297 F.2d 828
UNITED STATES of America, Appellee,
William BROWN and Henry Davis, Appellants.
United States Court of Appeals Second Circuit.
Argued January 8, 1962.
Decided January 8, 1962.
Allen S. Stim, New York City (Robert Mitchell, New York City, on the brief), for appellants.
Daniel P. Hollman, Asst. U. S. Atty., Southern District of New York, New York City (Robert M. Morgenthau, U. S. Atty., and Arnold N. Enker, Asst. U. S. Atty., New York City, on the brief), for appellee.
Before LUMBARD, Chief Judge, and CLARK and FRIENDLY, Circuit Judges.
Appellant Davis was convicted on each of ten counts of substantive violations of 26 U.S.C. § 5604(a) (1), 26 U.S.C. § 5205(a), and 18 U.S.C. § 2, and, under 18 U.S.C. § 371, of conspiracy to violate those sections and 26 U.S.C. §§ 5121 and 5691. He was given concurrent sentences of 18 months on each of those counts. Appellant Brown was sentenced to imprisonment for 6 months on his conviction on the conspiracy count. Both waived jury trial and now appeal their convictions, arguing that there was insufficient evidence to make out a prima facie case as to either of them and that there was a fatal variance between indictment and proof on the conspiracy count in that a single conspiracy was alleged and at most the evidence tended to show two separate conspiracies.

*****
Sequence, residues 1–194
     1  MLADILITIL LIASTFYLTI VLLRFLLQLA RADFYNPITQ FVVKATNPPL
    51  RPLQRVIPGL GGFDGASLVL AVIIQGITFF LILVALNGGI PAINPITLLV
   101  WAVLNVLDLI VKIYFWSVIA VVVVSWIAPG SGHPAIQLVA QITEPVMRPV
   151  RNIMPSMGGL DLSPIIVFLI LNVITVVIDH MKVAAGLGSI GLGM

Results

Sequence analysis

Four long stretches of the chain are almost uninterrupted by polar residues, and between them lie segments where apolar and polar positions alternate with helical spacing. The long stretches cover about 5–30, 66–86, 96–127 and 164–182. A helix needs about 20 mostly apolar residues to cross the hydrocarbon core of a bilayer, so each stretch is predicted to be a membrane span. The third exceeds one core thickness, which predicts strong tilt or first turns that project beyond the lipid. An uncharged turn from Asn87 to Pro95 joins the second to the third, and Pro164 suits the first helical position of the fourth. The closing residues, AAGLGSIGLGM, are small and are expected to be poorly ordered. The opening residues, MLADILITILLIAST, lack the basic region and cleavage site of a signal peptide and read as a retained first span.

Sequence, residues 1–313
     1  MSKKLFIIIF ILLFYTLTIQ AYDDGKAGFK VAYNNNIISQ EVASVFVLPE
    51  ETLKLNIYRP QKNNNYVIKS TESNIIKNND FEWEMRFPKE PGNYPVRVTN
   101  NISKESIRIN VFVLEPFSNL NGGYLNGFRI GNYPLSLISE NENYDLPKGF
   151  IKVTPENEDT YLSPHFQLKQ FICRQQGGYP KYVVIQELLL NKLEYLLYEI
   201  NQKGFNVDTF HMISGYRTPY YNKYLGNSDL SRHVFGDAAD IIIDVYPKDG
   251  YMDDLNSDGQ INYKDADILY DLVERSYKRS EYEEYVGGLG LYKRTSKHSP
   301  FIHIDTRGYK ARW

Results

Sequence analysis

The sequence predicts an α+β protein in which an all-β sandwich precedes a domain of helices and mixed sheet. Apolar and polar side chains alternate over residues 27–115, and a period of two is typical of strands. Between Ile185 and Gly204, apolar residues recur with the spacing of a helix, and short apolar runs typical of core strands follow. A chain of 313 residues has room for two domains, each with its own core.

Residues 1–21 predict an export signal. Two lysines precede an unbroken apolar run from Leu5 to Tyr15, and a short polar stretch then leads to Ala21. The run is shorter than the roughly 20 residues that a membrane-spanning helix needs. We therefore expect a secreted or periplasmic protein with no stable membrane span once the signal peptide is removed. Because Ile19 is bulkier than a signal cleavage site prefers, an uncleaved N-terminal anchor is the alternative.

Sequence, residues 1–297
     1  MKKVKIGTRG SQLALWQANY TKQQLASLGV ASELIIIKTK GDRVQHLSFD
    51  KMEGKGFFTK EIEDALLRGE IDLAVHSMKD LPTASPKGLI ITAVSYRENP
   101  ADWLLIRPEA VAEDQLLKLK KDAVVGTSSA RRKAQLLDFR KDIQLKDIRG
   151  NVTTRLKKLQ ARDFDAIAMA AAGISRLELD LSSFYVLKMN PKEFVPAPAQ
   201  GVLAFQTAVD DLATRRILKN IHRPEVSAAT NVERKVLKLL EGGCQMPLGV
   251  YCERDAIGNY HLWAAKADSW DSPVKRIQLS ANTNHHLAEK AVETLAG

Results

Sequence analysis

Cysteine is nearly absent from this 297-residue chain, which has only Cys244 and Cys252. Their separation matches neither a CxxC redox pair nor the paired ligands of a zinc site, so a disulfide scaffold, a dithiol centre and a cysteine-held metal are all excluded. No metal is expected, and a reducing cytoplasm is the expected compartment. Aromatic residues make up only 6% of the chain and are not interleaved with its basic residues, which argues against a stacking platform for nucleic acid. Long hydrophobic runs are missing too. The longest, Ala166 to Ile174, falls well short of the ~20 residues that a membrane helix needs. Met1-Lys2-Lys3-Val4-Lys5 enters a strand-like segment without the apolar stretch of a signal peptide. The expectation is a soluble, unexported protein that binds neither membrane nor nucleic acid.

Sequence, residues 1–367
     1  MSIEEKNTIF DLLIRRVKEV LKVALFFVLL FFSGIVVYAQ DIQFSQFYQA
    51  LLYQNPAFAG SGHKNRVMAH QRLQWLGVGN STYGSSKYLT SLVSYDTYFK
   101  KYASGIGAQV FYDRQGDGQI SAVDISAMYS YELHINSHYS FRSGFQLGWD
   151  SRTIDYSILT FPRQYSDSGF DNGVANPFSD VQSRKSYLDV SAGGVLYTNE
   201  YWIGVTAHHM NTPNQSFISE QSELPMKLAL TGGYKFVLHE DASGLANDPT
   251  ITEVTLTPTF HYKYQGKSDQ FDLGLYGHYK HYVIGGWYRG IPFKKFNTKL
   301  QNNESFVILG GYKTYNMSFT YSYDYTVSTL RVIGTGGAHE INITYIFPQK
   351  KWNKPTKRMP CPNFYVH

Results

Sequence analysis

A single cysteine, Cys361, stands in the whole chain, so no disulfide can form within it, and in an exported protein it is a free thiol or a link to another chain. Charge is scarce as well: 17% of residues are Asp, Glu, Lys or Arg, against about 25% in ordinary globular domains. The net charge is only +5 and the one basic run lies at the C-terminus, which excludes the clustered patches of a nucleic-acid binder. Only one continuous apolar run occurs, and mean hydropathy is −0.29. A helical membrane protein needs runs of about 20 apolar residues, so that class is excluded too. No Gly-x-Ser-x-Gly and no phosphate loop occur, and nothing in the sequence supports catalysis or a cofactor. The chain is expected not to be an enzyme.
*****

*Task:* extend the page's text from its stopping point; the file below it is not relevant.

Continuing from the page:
We affirm the convictions in open court, holding both contentions to be wholly without support. There is ample evidence that Davis was the owner of a speakeasy, selling alcohol on which taxes had not been paid, that Brown was his chief lieutenant, and that they were engaged in a single conspiracy to conduct such an operation.